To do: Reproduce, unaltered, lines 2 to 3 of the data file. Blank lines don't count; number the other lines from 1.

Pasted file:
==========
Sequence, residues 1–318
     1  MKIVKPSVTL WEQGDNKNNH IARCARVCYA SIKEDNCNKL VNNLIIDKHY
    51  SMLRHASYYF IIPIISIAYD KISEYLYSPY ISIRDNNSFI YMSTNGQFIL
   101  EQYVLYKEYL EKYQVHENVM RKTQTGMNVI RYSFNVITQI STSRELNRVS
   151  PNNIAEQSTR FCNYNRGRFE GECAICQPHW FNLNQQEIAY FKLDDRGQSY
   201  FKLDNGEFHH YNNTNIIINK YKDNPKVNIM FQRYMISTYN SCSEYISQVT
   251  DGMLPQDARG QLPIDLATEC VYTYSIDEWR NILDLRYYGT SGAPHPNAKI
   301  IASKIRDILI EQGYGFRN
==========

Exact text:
     1  MKIVKPSVTL WEQGDNKNNH IARCARVCYA SIKEDNCNKL VNNLIIDKHY
    51  SMLRHASYYF IIPIISIAYD KISEYLYSPY ISIRDNNSFI YMSTNGQFIL